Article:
Southern Seven Health Department to begin annual testing for West Nile virus in area

Even as the coronavirus/COVID-19 pandemic continues, the Southern Seven Health Department has announced plans to begin annual testing for the West Nile virus in the region.

The health department said that West Nile virus, WNV, is the leading cause of mosquito-borne disease in the continental United States.  

There are no vaccines to prevent or specific medications to treat WNV in people.

The health department noted there are steps people can take to prevent contracting the disease.

Beginning the week of May 18, Southern Seven Health Department plans to begin its annual trapping of mosquitoes throughout the lower seven counties in Illinois, including Union County.

Trapping is scheduled to continue in the region through fall.  

In 2019, Southern Seven reported positive WNV pools in Union and Massac counties.

A pool is the number of mosquitoes in one net collection. The department collected nets once a week from each of the counties.

West Nile virus is transmitted through the bite of a Culex pipiens mosquito, commonly called a house mosquito, that has picked up the virus by feeding on an infected bird.  

Monitoring for WNV in Illinois includes laboratory tests for mosquito batches, dead crows, blue jays, robins and other perching birds, as well as testing sick horses and humans with West Nile virus-like symptoms. 

People who see a sick or dying crow, blue jay, robin or other perching bird are advised to contact their local health department, which will determine if the bird will be picked up for testing.

The virus is not spread through coughing, sneezing or touching.  

The virus is not spread by touching live or dead animals; however, the health department encourages people to avoid bare-handed contact when touching any dead animal.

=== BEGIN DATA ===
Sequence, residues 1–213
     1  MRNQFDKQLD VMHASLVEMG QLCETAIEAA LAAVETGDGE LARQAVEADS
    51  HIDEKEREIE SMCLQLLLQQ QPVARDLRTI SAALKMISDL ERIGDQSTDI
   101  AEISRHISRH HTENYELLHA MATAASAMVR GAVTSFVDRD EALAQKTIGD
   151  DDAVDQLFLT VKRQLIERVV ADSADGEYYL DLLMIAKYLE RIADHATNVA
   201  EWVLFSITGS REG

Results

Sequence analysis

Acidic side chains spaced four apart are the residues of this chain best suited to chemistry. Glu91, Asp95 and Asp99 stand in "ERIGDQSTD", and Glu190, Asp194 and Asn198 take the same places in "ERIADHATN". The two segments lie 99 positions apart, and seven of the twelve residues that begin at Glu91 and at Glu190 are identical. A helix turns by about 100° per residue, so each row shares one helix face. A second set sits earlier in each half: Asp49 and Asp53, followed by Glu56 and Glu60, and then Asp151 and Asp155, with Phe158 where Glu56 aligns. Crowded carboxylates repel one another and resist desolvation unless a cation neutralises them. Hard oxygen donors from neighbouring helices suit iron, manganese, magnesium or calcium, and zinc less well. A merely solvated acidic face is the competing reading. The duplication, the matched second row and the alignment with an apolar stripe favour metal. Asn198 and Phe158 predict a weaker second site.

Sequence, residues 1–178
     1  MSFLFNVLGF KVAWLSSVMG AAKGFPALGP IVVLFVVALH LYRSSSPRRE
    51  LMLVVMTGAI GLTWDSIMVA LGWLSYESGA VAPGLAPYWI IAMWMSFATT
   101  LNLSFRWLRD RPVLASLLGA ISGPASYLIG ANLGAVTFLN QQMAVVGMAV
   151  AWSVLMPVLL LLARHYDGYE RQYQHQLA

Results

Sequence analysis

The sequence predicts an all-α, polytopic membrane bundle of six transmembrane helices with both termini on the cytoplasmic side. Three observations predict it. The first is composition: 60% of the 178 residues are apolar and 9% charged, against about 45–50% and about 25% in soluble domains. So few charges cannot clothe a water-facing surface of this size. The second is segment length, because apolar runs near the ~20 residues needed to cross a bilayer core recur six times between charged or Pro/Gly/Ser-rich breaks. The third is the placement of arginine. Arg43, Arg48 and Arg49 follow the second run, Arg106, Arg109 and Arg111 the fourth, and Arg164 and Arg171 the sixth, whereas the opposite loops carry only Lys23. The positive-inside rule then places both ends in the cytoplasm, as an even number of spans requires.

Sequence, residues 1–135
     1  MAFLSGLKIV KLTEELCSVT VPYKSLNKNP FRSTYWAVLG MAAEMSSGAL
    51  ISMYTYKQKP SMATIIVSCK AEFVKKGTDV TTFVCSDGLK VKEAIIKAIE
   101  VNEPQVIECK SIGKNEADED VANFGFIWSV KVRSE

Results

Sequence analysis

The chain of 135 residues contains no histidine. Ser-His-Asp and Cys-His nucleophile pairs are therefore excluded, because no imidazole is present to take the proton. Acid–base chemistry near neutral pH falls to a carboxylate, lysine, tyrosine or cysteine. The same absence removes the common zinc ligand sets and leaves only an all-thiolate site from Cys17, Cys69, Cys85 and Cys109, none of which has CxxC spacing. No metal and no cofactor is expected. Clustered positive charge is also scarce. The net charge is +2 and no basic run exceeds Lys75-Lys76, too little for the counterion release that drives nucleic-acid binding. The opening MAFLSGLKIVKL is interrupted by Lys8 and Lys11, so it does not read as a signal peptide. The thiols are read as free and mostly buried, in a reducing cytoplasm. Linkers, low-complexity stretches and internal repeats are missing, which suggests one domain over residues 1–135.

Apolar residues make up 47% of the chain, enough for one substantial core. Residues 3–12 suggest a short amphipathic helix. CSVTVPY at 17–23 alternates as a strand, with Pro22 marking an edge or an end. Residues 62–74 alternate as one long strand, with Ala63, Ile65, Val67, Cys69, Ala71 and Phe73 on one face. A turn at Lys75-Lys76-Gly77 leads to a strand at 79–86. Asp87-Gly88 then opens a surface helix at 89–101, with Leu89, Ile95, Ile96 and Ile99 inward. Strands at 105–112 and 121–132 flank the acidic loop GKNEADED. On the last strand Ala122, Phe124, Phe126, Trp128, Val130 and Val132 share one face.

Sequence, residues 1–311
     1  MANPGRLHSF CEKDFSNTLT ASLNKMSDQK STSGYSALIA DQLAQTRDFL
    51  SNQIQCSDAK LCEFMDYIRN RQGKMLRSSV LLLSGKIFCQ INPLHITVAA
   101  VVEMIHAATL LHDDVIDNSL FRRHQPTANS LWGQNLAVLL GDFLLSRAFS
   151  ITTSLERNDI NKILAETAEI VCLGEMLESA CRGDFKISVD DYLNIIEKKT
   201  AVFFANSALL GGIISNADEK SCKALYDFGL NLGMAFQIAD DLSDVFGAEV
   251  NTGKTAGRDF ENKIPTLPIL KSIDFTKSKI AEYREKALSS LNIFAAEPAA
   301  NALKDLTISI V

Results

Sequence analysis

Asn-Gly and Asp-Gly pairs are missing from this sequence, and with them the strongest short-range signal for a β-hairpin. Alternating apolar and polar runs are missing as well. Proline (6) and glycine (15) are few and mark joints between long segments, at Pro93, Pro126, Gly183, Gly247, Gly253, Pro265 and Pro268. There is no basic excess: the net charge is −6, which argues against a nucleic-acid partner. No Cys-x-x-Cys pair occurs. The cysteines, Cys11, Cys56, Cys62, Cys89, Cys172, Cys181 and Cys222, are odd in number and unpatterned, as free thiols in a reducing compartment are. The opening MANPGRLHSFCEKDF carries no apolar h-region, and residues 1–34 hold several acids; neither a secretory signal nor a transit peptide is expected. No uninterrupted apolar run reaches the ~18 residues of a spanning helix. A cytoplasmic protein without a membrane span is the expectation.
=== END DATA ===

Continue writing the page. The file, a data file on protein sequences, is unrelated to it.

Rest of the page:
If you are disposing of a dead bird, use gloves or double plastic bags to place the carcass in a garbage can, the health department advised.

The virus also cannot be spread through eating infected birds or animals.  Always follow instructions for fully cooking meat from either birds or mammals, the health department stated.

Common symptoms of West Nile virus include fever, nausea, headache and muscle aches. 

Symptoms may last from a few days to a few weeks. However, four out of five people infected with WNV will not show any symptoms. 

In rare cases, severe illness including meningitis, encephalitis or even death can occur. 

People over the age of 60 and individuals with weakened immune systems are at higher risk for severe illness from the virus.  

If you have symptoms of West Nile virus, contact your physician immediately, the health department said. 

The health department explained there are no vaccines to prevent or medications to treat WNV in people.  

People can reduce your risk of WNV by following the three “R’s”: Reduce, Repel and Report.


Make sure doors and windows have tight-fitting screens. Repair or replace screens that have tears or other openings. Try to keep doors and windows shut. 

Eliminate, or refresh each week, all sources of standing water where mosquitoes can breed, including water in bird baths, ponds, flowerpots, wading pools, old tires and any other containers. 


When outdoors, wear shoes and socks, long pants and a light-colored, long-sleeved shirt, and apply insect repellent that contains DEET, picaridin, oil of lemon eucalyptus, or IR 3535 according to label instructions. 

Consult a physician before using repellents on infants. 

Do not use products containing oil of lemon eucalyptus, OLE, or para-menthane-diol, PMD, on children under 3 years old. 

Do not apply insect repellent to a child’s hands, eyes, mouth, cuts or irritated skin.  Spray insect repellent onto your hands and then apply to a child’s face.


Report locations where you see water sitting stagnant for more than a week such as roadside ditches, flooded yards and similar locations that may produce mosquitoes. 

The local health department or city government may be able to add larvicide to the water, which will kill any mosquito eggs. 

For more information, call Southern Seven Health Department environmental health services director Miranda Adams at 618-634-2297, extension 114, or visit 









The Gazette-Democrat

112 Lafayette St.
Anna, Illinois 62906
Office Number: (618) 833-2158

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